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2003 a violent year for Clayton

By Ed Brock

As the year draws to a conclusion, the sporadic acts of violence ranked as the second top story of the year.

But 2003 was an interesting and exciting year with Hartsfield Atlanta International Airport gaining a new name at the same time work continued to put in a fifth airport to handle traffic at the nation's busiest passenger airport.

The Clayton County Chamber of Commerce celebrated 50 years of service, gained a new home and lost its director. As 2004 begins, the search is on to lead that organization. The economy saw Macy's, a major anchor at Southlake Mall, shut down. A search is still under way to replace that key anchor store.

Authorities cracked down on truancy, two killers escaped from the county detention center, military families bid loved ones farewell as the war in Iraq drew soldiers from the area and voters trooped to the polls for key elections. Meanwhile, Fort Gillem supporters started rallying to save the fort from a list to be released in 2005 of fort closings.

Construction projects also ranked as top stories with the state archives building opening to rave reviews and construction beginning on the federal archives. New schools and a new fire station also opened as voters went to the polls and approved a new penny sales tax to do even more road, recreation and senior citizen facilities.

Violence continued

Even the final days of 2003 were marked by violence in Clayton County.

Police say that some time early Saturday morning 34-year-old Ricky Harris shot and killed his live-in girlfriend 38-year-old Cheryl Robertson in their home on David Drive near Forest Park, then drove to an area in Atlanta and committed suicide. The violent deaths of Robertson and Harris were, as of Tuesday, the last of the year in which 21 homicides (including "justifiable" homicides in which no charges were filed) took place in the county as of Dec. 29. As of Nov. 30 there were 3,627 total assaults, 3,285 of which were aggravated assaults according to the Clayton County Police Department.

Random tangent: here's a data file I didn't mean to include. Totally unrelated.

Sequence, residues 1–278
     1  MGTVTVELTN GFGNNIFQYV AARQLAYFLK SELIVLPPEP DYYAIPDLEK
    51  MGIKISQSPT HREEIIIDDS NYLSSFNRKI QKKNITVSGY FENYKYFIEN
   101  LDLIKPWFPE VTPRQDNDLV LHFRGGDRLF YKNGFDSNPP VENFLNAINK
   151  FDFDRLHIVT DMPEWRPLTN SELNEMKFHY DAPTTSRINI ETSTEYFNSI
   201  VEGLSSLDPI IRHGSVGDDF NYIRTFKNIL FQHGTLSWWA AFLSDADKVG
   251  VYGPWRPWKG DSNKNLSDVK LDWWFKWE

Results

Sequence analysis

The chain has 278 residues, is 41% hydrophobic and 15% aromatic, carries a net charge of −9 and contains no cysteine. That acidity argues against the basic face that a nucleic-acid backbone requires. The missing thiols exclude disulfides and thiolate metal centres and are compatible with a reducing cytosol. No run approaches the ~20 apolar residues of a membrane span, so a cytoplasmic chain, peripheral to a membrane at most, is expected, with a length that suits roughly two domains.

"I think this year has been more violent," Clayton County Police Capt. Jeff Turner said.

"The county has grown and any time you have an increased population you're going to have more crime, including violent crime."

The first notable homicide of the year came in May with the strangulation of 27-year-old Marissa Jeanne Vaziri of Riverdale, daughter of former pro-wrestler Hossein Khosrow "The Iron Sheik" Vaziri. Her live-in boyfriend, 38-year-old Charles Warren Reynolds, has been charged with murder in the case.

Reynolds told police that the two had been drinking and taking pills the night of the incident and when he woke up the next day he called members of his church to come pray with him. One of the church members found Vaziri dead in the bedroom and called police. Vaziri's family and friends said she was trying to break up with Reynolds.

In September police arrested Tony Fitzgerald Gilbert, 38, of Atlanta in connection with the death of 43-year-old Harold Willis whose body was found in June inside Willis' house on Carlisle Drive. Willis had not been heard from since April.